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Tis the Season for Insects That Sting - Valley News Live - KVLY/KXJB - Fargo/Grand Forks

Tis the Season for Insects That Sting

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From the National Pest Management Association:

It's officially summer ­a popular time for people to spend outdoors at barbeques or completing home maintenance projects. But, these warm months also signal the most active season for pests that can put a stinger in everyone's fun.

Stinging insects such as bees, yellowjackets and wasps are more than just a seasonal nuisance; they can pose a significant threat to your health as well. In fact, the National Pest Management Association (NPMA) reports that more than 500,000 people are sent to the emergency room every year due to insect stings.

Stinging insects are beneficial in that they pollinate plants and flowers and eat other harmful pests, but they also dole out painful stings and cause people anxiety about being stung. While in reality, bees and yellowjackets rarely sting unless provoked, more aggressive species like wasps can sting in painful attacks if they feel threatened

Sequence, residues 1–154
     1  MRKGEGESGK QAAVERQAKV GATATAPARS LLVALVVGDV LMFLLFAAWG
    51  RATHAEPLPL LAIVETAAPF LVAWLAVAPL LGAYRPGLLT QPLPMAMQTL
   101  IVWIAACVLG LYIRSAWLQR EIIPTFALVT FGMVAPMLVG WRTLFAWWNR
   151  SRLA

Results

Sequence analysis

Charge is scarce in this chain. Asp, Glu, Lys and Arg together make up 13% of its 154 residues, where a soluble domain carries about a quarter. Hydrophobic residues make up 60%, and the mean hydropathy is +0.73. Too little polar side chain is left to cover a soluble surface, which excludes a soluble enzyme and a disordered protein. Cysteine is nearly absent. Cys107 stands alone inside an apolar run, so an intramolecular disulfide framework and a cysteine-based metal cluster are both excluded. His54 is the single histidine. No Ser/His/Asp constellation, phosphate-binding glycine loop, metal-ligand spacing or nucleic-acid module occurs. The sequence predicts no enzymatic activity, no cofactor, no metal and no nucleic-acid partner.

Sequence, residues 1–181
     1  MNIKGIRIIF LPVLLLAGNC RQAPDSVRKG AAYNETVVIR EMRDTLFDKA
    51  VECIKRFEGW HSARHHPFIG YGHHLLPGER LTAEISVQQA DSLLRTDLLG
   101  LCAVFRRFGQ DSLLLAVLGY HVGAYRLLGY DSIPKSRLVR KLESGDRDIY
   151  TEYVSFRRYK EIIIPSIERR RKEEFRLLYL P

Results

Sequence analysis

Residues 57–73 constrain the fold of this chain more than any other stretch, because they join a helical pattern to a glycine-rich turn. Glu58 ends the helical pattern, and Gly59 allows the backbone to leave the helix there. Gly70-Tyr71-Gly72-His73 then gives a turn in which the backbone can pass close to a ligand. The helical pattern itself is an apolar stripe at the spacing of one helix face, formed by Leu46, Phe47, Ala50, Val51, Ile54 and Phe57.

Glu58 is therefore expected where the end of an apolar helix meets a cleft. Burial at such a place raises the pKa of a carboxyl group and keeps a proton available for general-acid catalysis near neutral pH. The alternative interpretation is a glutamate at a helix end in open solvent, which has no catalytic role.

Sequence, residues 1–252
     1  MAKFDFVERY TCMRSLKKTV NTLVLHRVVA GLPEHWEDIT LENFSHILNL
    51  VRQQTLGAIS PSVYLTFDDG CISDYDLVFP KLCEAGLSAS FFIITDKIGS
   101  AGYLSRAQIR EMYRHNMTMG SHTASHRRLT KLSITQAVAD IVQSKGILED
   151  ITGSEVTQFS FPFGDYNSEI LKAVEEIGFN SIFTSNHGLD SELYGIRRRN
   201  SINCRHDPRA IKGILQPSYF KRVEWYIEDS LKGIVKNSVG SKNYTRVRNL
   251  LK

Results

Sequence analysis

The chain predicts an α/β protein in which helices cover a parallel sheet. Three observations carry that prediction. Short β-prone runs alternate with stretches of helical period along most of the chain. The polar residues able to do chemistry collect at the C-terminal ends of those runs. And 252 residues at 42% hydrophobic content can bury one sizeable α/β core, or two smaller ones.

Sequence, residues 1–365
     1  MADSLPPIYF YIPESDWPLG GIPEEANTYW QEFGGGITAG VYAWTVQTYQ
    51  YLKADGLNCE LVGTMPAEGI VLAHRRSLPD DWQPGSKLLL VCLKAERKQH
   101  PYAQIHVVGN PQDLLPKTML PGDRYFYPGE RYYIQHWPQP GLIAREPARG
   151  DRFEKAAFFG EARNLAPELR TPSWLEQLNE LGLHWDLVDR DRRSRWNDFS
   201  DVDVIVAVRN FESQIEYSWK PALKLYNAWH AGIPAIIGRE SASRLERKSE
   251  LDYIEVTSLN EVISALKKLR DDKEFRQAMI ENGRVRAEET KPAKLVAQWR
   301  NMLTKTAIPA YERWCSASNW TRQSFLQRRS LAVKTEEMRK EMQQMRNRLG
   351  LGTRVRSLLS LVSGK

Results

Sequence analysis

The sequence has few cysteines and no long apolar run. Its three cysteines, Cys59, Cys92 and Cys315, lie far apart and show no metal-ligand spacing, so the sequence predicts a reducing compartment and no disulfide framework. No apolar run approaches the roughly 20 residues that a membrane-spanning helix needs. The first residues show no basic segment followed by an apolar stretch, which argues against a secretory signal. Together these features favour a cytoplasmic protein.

As a result, the NPMA is reminding people to protect themselves from these unpleasant pests with the following tips:

  • Wear shoes, especially in grassy areas.
  • Stinging insects are attracted to sweets; do not leave drinks or food in accessible areas.
  • Keep windows and doors properly screened.
  • Promptly remove garbage and store it in sealed receptacles.
  • If a stinging insect lands on your skin, resist the urge to swat and instead gently blow on it from a distance.
  • Do not attempt to remove a nest on your own, rather contact a licensed pest professional for assistance.
  • If stung, remove the stinger, clean the area with soap and cold water and apply ice. Benadryl and hydrocortisone ointment may also help calm the reaction.
  • Should you experience symptoms of an allergic reaction, such as tongue and throat swelling, wheezing, dizziness, shortness of breath or drop in blood pressure, call 911.
  • If one lands on your skin, resist the urge to swat and instead gently blow on it from a distance.
  • If stung, remove the stinger, clean the area with soap and cold water and apply ice. Benadryl and hydrocortisone ointment may also help calm the reaction.
  • If allergic to stinging insects, learn how to use an epinephrine kit and carry it with you at all times.
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